Tennessee becomes latest state to consider ending partisan judicial races; incumbent judges would be guaranteed to have their name first on the ballot

Tennessee has joined a growing list of states considering an end to partisan judicial races.

Tennessee, like a great many states, does not just rely on 1 method of judicial selection. The state’s appellate courts are chosen in a quasi-federal system (governor appoints, House/Senate confirm, followed by retention elections). Trial courts are picked in any number of ways, including partisan election, nonpartisan, and appointment by local officials (such as in Municipal Courts).

For those courts/counties that use partisan judicial elections, HB 1494 / SB 1063 would end them in favor of nonpartisan judicial races. In those races, incumbents would have the right to have their name first on the ballot.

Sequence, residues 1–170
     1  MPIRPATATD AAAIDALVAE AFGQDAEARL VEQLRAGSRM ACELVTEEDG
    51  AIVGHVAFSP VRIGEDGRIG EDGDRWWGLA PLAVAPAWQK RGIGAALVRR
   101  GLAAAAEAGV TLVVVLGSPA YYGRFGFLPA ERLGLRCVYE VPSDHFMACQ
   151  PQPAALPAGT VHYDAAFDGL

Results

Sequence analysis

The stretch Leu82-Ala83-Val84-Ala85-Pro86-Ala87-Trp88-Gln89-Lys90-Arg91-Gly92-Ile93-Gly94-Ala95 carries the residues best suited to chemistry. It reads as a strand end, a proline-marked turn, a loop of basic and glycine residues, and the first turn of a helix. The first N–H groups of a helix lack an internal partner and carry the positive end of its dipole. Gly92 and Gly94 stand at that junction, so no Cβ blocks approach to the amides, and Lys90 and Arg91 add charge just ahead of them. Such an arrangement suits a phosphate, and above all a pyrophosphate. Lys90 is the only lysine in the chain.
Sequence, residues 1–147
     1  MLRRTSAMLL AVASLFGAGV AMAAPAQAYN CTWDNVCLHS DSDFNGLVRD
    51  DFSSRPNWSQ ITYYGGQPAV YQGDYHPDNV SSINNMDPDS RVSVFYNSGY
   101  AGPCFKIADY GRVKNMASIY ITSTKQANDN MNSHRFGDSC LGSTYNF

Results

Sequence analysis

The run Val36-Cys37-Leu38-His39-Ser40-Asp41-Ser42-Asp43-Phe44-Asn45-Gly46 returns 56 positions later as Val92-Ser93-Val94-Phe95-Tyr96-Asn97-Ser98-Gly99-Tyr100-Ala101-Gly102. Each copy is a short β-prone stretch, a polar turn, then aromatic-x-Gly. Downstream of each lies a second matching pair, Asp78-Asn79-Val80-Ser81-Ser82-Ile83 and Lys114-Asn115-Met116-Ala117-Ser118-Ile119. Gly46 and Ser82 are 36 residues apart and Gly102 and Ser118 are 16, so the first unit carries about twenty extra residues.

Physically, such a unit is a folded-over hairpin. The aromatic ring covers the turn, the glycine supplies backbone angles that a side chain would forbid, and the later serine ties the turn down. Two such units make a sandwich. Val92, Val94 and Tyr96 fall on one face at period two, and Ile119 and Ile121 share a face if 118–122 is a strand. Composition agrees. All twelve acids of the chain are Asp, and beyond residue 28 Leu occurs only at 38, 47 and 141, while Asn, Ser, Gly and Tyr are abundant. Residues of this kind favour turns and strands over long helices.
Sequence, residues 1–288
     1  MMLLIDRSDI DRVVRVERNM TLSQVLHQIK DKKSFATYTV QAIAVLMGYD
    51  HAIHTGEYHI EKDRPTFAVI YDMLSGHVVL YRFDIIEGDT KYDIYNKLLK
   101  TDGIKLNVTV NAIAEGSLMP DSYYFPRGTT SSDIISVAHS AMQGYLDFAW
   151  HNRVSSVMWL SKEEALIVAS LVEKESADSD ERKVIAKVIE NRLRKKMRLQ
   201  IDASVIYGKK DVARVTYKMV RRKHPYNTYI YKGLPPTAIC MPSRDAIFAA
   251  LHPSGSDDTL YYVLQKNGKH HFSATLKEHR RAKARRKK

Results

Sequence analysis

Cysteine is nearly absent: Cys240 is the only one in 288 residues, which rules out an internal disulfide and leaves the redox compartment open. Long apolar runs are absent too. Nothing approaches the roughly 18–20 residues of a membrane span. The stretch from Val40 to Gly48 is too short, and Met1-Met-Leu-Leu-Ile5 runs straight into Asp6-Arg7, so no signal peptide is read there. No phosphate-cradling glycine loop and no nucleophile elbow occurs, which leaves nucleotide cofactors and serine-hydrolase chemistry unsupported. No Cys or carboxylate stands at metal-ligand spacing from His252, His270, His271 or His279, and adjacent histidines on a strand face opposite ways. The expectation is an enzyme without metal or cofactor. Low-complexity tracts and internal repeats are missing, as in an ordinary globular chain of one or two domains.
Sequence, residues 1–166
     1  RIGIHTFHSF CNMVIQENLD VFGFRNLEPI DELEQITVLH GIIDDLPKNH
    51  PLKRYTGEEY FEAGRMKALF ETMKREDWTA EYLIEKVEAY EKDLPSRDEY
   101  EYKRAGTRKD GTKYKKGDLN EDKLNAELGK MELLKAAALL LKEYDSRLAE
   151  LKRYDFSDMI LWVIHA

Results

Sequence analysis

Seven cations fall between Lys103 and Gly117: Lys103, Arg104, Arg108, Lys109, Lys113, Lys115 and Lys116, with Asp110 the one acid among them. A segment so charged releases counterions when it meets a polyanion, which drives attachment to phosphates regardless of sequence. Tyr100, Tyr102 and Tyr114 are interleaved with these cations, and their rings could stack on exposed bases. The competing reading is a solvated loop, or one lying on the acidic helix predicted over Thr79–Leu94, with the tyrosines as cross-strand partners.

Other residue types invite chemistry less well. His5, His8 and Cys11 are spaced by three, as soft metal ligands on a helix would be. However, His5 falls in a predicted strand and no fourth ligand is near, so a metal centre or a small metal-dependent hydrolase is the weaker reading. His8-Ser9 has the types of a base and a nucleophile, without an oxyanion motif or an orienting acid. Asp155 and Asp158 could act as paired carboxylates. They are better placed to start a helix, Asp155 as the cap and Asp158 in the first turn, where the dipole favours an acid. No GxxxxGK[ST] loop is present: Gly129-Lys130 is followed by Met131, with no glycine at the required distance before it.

Several other bills have been introduced with a county-specific focus.
HB 1183 / SB 990 would focus on judicial races and require they be nonpartisan in Shelby and Davidson Counties along with local legislative races.

SB 411 has the same end (nonpartisan judicial and legislative races in Shelby and Davison) but with slightly different language that includes the incumbent-name-first aspect of HB 1494 / SB 1063.


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